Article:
"Hey, buddy, do me a favor. Get some garbage cans and pick up those birds, will ya?"
Three cans were needed to do the job.
Though Williams served three years as a pilot in World War II, he did not fly a combat mission until this one, in Korea in 1953.
The Allies sent 200 planes to attack a Communist troop-and-supply center in Kyiomipo, 15 miles south of Pyongyang, the North Korean capital. Williams, filled with the mixture of excitement and nervousness of a new man, followed the plan of attack. He dropped from the sky at the prescribed time, dove lower than 2,000 feet to drop his bombs and then pulled back on his controls and felt great as the plane followed his command. He had passed his first test, gone through the enemy fire and come out the other side.
Then the trouble began.
The stick started to shake in his hand. He tried to call one of the other pilots, but the radio was dead. He had been hit. However, 22-year-old pilot Larry Hawkins saw that Williams's plane was going the wrong way—toward Pyongyang, "where all the big antiaircraft stuff was," Hawkins says—and peeled off to get him. Hawkins signaled by hand for Williams to follow him. Seeing small puffs of smoke coming from the back of Williams's plane, Hawkins determined that the main fuel cell or one of the fuel lines had been hit. A fuel leak meant the possibility of fire.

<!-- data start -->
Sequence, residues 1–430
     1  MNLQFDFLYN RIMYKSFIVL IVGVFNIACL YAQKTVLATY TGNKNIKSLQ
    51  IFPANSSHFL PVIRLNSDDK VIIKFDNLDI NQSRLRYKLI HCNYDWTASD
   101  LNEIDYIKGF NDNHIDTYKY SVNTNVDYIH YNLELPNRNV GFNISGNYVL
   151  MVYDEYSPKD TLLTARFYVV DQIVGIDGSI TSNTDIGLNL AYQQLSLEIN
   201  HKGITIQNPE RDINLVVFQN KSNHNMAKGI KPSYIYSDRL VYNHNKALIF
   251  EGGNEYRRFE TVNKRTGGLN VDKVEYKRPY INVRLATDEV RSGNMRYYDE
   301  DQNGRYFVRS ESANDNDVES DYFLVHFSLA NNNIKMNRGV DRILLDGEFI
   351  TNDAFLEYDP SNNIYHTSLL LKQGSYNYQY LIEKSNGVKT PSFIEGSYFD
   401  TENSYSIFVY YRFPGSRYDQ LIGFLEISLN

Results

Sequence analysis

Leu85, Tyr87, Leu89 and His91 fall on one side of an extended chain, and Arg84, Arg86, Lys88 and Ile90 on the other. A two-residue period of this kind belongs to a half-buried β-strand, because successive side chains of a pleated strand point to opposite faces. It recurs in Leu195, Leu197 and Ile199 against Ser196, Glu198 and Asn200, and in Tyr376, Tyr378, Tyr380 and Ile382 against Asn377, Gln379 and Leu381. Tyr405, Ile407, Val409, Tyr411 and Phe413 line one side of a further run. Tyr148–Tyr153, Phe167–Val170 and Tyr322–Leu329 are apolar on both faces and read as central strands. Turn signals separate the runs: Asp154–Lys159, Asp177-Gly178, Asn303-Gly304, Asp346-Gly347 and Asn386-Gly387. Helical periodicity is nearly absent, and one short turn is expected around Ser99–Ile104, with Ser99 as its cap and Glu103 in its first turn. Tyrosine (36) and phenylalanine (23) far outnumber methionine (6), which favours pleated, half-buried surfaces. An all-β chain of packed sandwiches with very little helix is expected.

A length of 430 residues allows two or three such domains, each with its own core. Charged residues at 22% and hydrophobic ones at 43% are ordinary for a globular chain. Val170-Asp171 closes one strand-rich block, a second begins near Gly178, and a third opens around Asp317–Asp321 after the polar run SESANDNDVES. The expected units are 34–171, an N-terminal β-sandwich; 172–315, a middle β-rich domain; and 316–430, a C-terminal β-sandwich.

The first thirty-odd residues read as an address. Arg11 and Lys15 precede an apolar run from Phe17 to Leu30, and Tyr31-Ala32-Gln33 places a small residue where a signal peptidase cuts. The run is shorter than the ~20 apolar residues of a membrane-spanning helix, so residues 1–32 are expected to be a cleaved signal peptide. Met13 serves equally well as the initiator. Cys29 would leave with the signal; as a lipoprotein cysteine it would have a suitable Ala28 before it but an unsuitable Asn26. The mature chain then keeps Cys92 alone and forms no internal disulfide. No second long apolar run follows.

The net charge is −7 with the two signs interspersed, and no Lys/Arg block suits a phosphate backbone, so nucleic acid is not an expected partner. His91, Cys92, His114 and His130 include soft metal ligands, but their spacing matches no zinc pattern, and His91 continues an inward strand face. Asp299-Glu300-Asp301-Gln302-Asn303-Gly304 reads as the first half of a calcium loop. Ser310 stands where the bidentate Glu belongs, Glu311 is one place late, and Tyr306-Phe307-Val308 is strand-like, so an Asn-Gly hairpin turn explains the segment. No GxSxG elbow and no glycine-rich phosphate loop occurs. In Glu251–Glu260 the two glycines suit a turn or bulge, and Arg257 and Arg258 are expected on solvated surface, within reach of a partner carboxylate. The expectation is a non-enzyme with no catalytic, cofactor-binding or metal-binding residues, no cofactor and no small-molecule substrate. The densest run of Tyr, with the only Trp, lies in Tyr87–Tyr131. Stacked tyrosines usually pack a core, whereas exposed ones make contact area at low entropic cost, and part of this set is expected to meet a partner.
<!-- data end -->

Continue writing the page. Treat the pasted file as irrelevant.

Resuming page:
Finally, the pair reached the sky over the base in Suwon where Williams would have to crash-land. He cleared a fence and hit the end of the runway at more than 200 mph and began to slide. He clamped his foot down hard on the brakes. Flames and sparks and pieces of the plane flew off around him. He could see people running out of his way. He could see people in the Korean village at the end of the runway getting out of the way.
Woody Woodbury, another pilot, later to gain a measure of fame as a comedian and the game-show host replacing Johnny Carson on Who Do You Trust?, probably had a better view of the crash than anyone else. Williams's plane skidded to a stop no more than 60 yards away from him.
"Ted pops out, and he's moving away from the plane in a hurry," Woodbury says. "A staff car had pulled up. An old, old green Plymouth. A guy got out, a colonel, and he was holding a piece of paper. Ted goes up and salutes. The colonel salutes back and hands Ted the piece of paper." A few days later Woodbury and Williams were flying together on a transport plane. "Why'd the colonel hand you the paper?" Woodbury asked.